- In this issue:
- » A Fabulous Company Whose Stock Went Nowhere for Seventeen Years
- » HUDCO's IPO Does Well, What Do We Make Out of This?
- » ...and more!
India's IT companies will reportedly layoff thousands. If the change in the H1B visa rules weren't enough, the layoffs should attract them enough bad publicity.
Add to that a disappointing performance in recent quarters...
As you may expect, I get loads of mails from investors worried sick about losing money in 'bad' tech stocks.
If you are one of them, pay attention...
Remember Buffett's rule number one and two rules for investors? The ones about never losing money...?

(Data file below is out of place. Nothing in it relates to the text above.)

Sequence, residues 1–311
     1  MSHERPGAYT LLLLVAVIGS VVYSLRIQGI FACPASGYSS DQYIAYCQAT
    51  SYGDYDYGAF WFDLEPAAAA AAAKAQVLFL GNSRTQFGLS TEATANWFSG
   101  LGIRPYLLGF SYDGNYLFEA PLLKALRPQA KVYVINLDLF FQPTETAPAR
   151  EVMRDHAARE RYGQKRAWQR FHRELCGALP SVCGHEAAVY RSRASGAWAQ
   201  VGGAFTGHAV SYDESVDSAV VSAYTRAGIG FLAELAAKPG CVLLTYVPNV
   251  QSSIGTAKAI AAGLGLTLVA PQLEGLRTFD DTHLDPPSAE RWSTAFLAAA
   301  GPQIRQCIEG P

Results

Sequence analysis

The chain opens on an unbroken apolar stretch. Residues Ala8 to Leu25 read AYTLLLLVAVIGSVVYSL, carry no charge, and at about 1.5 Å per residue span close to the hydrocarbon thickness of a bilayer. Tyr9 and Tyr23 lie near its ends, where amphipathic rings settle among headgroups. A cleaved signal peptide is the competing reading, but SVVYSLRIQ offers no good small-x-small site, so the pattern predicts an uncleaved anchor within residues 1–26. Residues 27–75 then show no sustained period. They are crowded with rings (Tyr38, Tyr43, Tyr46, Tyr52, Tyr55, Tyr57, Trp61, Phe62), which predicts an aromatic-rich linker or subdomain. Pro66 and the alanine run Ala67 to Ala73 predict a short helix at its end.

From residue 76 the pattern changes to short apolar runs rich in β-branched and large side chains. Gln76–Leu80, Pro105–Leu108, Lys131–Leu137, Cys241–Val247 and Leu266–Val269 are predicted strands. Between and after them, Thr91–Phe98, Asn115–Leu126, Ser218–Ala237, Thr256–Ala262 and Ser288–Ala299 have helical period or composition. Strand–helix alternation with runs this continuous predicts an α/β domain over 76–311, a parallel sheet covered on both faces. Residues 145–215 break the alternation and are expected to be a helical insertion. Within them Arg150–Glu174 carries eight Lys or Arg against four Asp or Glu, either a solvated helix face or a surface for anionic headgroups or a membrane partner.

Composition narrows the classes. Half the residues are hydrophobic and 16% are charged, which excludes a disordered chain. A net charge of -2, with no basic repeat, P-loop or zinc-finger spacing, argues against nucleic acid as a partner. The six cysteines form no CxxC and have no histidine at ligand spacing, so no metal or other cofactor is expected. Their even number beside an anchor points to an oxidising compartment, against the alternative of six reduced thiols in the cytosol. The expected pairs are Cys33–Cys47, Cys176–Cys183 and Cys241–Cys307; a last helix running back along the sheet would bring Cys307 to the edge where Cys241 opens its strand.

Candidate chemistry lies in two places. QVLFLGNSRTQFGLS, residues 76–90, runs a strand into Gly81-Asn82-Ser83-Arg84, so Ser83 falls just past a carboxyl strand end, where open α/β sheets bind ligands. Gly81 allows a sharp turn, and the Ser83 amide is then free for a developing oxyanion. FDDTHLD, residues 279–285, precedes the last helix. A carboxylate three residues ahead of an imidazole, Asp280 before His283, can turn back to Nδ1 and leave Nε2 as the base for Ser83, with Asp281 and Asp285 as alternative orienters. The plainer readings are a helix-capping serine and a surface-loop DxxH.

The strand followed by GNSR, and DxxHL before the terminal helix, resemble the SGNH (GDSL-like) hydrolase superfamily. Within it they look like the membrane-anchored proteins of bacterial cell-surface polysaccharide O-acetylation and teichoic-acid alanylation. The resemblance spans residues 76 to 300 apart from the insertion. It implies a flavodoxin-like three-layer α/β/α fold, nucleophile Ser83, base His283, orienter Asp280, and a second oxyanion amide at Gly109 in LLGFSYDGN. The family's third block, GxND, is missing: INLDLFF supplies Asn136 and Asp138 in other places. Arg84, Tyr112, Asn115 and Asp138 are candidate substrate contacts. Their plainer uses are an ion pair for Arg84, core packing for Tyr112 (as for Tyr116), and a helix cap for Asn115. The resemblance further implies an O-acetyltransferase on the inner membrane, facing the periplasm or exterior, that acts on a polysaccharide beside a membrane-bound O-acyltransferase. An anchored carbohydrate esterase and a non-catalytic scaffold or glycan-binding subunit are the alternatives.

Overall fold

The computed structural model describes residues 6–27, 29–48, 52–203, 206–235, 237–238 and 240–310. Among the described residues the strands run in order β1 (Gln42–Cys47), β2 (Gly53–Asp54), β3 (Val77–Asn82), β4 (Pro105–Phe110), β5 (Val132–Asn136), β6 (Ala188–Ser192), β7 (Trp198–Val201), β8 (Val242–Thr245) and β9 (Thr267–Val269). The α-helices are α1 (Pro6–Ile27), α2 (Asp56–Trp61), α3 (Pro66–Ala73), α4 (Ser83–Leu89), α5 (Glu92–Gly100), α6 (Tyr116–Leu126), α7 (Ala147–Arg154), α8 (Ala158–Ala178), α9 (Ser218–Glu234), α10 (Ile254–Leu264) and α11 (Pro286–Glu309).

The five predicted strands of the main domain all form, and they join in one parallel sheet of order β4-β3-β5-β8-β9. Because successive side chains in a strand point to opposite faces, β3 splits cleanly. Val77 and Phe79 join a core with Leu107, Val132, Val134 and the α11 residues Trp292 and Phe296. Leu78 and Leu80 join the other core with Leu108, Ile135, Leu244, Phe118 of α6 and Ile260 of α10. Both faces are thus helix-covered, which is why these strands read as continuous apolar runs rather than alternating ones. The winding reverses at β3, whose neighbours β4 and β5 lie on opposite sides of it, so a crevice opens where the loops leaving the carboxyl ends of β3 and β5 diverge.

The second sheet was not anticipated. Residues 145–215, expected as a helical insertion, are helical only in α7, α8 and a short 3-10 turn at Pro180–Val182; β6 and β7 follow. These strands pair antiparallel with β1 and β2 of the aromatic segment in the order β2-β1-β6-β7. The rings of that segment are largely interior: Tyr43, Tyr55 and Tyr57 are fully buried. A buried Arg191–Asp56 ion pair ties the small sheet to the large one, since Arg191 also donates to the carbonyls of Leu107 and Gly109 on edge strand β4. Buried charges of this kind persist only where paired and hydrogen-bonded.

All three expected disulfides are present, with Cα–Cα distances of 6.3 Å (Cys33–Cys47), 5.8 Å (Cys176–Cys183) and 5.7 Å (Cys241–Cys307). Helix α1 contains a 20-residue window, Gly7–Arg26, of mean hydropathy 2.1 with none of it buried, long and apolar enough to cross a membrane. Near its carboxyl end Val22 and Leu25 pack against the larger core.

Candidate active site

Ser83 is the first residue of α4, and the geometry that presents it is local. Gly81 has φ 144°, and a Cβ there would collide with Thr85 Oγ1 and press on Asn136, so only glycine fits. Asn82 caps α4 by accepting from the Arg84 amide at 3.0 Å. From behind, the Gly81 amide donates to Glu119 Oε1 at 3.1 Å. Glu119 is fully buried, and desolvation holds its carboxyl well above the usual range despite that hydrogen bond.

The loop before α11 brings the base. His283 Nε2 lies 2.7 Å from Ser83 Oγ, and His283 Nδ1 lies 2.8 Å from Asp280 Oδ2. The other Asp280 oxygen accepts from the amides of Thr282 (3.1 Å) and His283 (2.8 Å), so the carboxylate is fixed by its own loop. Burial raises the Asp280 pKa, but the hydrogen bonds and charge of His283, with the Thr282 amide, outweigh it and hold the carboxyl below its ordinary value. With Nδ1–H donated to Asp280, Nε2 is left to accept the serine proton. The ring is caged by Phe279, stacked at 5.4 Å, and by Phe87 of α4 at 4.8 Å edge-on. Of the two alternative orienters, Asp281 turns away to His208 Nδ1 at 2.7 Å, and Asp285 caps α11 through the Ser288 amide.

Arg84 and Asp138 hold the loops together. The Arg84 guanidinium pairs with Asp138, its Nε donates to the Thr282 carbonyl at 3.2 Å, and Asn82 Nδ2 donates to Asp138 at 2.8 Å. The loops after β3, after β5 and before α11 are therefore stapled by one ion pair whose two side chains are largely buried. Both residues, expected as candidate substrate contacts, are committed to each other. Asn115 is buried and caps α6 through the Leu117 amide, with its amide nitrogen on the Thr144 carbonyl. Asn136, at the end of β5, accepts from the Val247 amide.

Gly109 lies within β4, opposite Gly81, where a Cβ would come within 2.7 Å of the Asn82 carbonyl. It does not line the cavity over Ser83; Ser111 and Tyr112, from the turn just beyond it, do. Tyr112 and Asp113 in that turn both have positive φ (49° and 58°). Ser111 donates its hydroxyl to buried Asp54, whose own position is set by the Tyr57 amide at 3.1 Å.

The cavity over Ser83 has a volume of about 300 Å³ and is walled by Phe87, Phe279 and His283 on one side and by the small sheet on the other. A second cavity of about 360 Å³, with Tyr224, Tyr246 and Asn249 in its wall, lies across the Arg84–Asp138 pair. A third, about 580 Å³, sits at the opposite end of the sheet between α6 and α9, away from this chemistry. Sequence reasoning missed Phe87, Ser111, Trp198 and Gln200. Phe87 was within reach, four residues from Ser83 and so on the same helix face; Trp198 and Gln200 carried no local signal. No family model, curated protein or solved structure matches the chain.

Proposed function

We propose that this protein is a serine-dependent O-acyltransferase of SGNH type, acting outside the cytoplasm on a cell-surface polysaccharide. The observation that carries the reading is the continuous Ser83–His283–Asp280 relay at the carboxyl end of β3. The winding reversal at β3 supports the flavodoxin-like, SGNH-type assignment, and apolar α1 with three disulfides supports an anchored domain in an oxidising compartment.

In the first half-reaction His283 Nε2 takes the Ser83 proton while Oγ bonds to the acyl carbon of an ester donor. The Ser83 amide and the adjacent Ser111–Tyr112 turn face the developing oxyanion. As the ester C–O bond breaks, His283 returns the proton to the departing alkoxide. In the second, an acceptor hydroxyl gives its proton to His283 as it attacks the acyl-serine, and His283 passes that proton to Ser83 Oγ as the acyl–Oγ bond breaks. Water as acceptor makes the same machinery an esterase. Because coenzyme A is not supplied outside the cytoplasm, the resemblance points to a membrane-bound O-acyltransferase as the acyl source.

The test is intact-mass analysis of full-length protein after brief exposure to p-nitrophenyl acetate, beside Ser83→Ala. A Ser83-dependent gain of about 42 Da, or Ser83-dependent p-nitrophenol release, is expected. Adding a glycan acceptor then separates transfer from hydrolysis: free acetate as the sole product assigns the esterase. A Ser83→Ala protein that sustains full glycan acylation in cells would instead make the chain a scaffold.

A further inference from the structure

Most investors don't follow these rules even if they remember them. That's because they fail to differentiate between good companies and bad stocks. And between bad companies and good stocks.
Most investors perceive blue chips as good companies. No brainers. Businesses with long histories and reasonably good financials. There is a blind faith that these businesses could never lose money. So even when steep valuations cause a good business to become a bad stock, there is no reluctance to buy.
Think of Infosys in March 2000. The PE over 100x made it a bad stock. The virtues of the business remained intact. But anyone who bought Infosys in March 2000 didn't make money for the next six years. A case of good investment, bad stock.
Also, nothing hurts a stock price as much as bad publicity. No one bothers to dig deeper into the underlying fundamentals. Most investors just rush in to sell. In many cases, 'bad businesses' end up becoming good stocks for the long term.